With the passage of time the Chinese in Bengal gradually became more and more closely associated, if not totally assimilated, with the local way of life and religious beliefs. Besides celebrating their own (Lunar) New Year festival, they started taking part in Durga and Kali Puja, Eid and Diwali with their Bengali neighbours. The famous Chinese Kali Badi (temple) in China Town in Calcutta built by a Chinese devotee is a favourite place of worship for all communities.

The Chinese presence in Bengal was not only limited to Calcutta. In Dhaka they were quite prominent in the economic life of the city, mainly in shoemaking and the opium trade. They introduced the Chinese cuisine in Dhaka when they first opened Chinese restaurants in the fifties of the last century. The Chinese Diaspora in Dhaka is also a post-First World War phenomenon and their number swelled in the forties. They resided in particular areas of the city. The shoemakers used to reside in the Imamganj - Mitford Road area and their shops lined the road. The China building in Azimpur, where several families lived in one building, reminds us of their presence. Chittagong also had a sizeable Chinese population engaged in trade and shoemaking.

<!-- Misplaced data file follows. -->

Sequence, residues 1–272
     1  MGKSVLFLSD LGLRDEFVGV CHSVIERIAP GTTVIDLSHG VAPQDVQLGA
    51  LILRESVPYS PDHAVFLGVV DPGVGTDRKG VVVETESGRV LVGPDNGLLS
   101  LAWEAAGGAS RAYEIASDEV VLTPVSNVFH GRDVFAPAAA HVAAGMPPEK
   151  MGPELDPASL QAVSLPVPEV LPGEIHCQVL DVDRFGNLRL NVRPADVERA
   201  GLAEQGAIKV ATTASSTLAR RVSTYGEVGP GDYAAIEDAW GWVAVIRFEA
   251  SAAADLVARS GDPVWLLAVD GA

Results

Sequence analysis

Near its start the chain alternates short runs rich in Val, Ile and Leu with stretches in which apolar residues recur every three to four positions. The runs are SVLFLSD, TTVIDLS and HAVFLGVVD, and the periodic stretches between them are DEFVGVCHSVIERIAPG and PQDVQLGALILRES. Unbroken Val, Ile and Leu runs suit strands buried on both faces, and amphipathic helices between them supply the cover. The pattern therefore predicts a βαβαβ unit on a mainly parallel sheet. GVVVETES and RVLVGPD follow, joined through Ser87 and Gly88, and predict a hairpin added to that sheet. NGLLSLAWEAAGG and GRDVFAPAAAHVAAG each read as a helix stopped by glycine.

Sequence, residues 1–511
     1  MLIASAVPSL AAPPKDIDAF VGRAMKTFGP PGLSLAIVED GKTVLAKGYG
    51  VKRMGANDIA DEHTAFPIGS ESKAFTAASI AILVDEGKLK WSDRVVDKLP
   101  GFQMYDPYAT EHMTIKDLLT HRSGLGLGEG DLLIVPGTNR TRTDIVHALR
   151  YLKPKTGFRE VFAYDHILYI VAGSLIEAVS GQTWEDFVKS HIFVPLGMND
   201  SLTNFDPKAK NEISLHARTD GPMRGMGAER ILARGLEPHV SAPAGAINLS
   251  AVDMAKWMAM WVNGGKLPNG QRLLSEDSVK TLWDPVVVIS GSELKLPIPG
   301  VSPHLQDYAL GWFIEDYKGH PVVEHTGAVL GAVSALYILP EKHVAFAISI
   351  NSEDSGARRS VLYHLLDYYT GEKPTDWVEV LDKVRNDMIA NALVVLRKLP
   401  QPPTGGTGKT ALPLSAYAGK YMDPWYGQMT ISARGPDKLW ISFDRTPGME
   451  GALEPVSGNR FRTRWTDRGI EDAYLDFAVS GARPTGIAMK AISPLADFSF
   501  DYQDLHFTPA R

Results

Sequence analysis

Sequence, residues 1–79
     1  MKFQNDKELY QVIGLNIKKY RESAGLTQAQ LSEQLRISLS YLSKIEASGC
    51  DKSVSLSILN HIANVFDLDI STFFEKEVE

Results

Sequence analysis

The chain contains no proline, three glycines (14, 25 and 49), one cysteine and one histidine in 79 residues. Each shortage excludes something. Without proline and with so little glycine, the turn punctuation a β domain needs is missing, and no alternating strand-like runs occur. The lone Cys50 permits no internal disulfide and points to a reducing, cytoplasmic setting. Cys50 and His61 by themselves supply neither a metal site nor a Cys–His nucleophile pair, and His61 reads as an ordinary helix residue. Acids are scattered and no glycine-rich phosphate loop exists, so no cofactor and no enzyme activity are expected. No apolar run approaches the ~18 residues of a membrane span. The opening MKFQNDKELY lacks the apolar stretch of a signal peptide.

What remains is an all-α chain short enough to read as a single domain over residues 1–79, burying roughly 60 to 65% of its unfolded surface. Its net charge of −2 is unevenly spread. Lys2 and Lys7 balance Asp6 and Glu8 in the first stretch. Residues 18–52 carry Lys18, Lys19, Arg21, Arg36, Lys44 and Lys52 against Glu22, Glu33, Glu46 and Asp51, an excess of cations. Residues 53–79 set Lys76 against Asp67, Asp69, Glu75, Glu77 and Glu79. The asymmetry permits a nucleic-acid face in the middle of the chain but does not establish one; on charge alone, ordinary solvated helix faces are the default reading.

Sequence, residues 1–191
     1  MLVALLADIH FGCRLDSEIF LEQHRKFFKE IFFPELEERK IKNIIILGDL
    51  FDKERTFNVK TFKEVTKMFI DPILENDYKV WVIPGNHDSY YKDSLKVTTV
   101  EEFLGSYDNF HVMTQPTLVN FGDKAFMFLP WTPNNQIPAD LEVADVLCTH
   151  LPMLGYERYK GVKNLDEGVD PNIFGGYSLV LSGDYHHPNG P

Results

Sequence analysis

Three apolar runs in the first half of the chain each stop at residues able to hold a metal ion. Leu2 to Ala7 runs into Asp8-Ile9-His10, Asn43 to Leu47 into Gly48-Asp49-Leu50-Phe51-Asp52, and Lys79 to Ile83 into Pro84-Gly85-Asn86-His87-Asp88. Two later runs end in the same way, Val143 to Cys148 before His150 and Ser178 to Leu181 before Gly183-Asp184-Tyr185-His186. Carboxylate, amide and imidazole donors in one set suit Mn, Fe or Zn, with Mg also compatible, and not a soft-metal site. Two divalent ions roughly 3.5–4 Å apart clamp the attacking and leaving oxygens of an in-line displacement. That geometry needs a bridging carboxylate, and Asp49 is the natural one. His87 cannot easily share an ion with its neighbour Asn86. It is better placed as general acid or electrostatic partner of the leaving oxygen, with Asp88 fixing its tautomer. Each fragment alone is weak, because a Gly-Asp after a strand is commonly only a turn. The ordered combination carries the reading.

It is characteristic of the Chinese Diaspora that they settled in urban centres where they could easily earn their livelihood through trade. They hardly ever settled in the rural areas. [Haraprasad Ray]

Bibliography Alabaster, C, 'The Chinese Colony in Calcutta', Calcutta Review, 1849, (reprinted in, Pradip Chaudhuri and Abhijit Mukhopadhyaya (eds), Calcutta: People and Empire, Gleanings from Old Journal, Calcutta, 1975); Pradip Sinha, Calcutta in Urban History, Calcutta, 1978; The Census Reports of Bengal, up to 1991; Salmon Claudine, 'Bengal as Reflected in two South-East Asian Travelogues from the Early Nineteenth Century', in Om Prakash and Denys Lombard (eds), Commerce and Culture in the Bay of Bengal, 1500-1800, Manohar, Delhi, 1999.